Accounts receivable management is as important as any other part of a small business operation. However, it all too often takes a backseat to sales or day-to-day operations. Small business owners “do it all” and it is easy to feel good about your cash flow when new business is flooding in. However, if new customers fail to pay you, and if you have no plan to manage your accounts receivable, it does not take long for a small business to get in trouble.
This week, I took on a new client, a doctor who closed his practice because it was not profitable. He had all the markings of success: experience, reputation and patients willing to testify to the terrific results they experienced working with him. Everything was great- until it wasn’t. The sole reason the doctor’s business failed was because no one was following up on the thousands of dollars owed to him. After insurance payments and adjustments were processed, patients were billed for any remaining balance. Some patients paid quickly, but many did not. When the practice closed after only two years, the doctor had nearly fifty thousand dollars due him.
Accounts receivable management could have made a difference
While the practice had strong billing practices, there was no plan to monitor outstanding receivables. No one was followed up with delinquent patients. Patients came multiple times without making any payment.
The first step to accounts receivable management to establish an aging report, which establishes how long each receivable is outstanding. While an aging report may sound complex and a bit wonky, with modern medical management software or accounting programs like QuickBooks, it is very simple to set up.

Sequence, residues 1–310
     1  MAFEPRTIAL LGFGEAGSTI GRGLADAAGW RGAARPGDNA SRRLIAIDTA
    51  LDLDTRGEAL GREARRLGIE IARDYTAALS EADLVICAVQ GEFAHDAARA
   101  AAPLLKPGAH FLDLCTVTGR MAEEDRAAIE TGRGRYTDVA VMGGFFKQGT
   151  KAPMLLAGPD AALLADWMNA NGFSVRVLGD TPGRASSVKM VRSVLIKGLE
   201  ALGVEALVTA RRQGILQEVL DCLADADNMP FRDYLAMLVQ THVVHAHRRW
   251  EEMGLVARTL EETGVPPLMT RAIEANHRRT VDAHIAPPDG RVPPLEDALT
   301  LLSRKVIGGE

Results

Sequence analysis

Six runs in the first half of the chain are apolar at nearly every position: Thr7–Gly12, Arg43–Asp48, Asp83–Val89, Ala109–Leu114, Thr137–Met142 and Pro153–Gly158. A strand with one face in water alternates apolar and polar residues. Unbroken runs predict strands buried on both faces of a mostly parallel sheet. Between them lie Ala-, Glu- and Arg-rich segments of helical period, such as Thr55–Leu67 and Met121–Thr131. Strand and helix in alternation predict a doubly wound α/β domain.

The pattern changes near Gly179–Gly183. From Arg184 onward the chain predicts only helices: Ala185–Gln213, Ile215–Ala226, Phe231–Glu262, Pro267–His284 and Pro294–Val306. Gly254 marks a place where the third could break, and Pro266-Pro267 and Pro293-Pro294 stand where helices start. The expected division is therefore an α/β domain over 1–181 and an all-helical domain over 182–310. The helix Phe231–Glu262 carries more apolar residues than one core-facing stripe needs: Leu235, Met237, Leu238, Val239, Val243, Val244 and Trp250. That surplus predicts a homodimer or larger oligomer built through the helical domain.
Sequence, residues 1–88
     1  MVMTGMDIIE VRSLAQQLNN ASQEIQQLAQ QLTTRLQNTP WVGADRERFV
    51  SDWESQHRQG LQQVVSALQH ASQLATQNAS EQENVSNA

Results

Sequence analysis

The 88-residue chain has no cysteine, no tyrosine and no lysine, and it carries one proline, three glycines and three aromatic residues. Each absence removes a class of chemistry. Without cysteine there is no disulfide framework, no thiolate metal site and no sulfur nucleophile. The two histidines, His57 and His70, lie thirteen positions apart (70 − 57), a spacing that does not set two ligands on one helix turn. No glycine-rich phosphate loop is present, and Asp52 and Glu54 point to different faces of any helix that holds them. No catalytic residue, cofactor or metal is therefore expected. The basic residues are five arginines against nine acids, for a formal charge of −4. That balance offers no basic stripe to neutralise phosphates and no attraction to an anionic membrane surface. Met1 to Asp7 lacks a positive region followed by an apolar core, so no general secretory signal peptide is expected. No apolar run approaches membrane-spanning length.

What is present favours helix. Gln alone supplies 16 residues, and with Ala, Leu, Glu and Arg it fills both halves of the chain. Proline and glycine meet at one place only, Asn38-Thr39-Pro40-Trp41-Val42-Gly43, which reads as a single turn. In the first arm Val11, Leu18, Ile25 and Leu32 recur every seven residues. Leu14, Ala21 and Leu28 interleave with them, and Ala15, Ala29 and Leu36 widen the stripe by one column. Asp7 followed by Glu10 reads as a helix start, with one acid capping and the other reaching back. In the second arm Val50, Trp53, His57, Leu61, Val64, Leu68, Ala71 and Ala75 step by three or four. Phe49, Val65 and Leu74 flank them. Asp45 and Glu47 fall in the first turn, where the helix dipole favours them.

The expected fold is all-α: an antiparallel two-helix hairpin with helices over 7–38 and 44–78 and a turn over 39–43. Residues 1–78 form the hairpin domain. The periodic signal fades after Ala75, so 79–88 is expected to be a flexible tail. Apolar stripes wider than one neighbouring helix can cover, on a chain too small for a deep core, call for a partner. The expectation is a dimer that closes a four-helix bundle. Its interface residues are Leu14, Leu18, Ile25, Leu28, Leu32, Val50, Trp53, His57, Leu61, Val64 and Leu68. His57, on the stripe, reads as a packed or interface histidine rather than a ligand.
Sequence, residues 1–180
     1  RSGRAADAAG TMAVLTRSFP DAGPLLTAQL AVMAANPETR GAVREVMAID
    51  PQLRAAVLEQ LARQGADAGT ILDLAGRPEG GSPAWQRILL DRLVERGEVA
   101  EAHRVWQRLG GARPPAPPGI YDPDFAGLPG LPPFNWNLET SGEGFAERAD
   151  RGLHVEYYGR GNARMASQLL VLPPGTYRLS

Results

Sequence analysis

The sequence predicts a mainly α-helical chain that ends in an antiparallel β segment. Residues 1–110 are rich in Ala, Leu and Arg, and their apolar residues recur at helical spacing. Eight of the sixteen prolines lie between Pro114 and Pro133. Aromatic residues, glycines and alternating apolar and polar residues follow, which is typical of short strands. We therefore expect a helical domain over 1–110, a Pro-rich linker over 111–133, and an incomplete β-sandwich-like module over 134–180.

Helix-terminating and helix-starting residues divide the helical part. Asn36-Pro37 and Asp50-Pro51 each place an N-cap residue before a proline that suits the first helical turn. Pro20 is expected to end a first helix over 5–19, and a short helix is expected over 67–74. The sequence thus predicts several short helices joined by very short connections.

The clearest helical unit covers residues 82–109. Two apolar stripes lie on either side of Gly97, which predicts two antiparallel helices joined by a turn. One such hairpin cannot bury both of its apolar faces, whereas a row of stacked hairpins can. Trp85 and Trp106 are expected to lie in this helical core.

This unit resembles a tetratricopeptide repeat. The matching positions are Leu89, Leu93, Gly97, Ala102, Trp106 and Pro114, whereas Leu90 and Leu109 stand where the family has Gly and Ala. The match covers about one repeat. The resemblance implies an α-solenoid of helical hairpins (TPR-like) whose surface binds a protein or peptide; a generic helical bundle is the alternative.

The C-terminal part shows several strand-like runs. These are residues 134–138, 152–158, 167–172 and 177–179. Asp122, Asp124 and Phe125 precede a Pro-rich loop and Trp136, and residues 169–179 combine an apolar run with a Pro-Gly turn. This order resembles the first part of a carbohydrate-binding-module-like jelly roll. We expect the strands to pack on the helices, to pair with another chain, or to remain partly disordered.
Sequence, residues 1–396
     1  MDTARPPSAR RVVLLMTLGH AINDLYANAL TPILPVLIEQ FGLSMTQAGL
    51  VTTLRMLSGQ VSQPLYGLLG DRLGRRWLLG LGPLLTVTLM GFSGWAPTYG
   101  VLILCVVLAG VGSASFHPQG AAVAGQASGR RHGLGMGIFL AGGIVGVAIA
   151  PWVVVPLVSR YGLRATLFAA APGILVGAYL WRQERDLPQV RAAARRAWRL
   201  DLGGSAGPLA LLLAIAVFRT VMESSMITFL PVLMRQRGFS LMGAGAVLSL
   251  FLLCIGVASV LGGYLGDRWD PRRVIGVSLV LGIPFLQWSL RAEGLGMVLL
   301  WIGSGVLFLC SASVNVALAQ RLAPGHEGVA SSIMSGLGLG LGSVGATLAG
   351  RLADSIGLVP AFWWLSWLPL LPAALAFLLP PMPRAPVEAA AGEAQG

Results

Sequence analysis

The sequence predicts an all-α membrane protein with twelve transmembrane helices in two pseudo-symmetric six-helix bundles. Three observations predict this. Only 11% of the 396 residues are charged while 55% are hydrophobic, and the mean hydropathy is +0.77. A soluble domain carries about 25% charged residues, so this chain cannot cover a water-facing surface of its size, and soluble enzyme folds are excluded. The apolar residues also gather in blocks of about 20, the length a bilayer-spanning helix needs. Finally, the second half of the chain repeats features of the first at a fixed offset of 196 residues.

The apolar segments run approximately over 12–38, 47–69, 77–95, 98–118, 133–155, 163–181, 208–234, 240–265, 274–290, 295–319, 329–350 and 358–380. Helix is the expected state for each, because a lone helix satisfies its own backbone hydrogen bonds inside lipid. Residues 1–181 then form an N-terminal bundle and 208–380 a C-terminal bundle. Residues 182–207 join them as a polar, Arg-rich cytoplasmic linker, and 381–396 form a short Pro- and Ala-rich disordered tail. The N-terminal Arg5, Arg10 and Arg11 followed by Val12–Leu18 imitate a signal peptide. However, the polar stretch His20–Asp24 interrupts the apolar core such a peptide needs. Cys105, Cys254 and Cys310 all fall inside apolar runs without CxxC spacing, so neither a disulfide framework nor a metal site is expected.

Once your aging report is set up, someone – you or someone you designate – must monitor it closely. Develop a plan to follow up and stick to it. Many people shy away from asking people for money because they fear confrontation. It is easy to establish a process to contact people in a way that minimizes confrontation. You can draft a collection letter, or give staff a call script and rehearse it with them until they feel more confident. I know one small company that set one Friday a month for key staff to work together to follow up on aging customers. The team approach – complete with a pizza lunch – made the process much easier for all.
every However, if you are not asking for your money, you cannot blame people for thinking that your bill is not important.
The aging accounts have now been placed with a collection agency and money is beginning to come in. The truth is that the practice could have recovered much of them money themselves. If the practice had made accounts receivable management a priority, it might still be thriving today.
It makes me sad to see a business fail, especially when the failure was preventable. The choice is yours – commit to accounts receivable management and grow your business, or ignore it and suffer the consequences.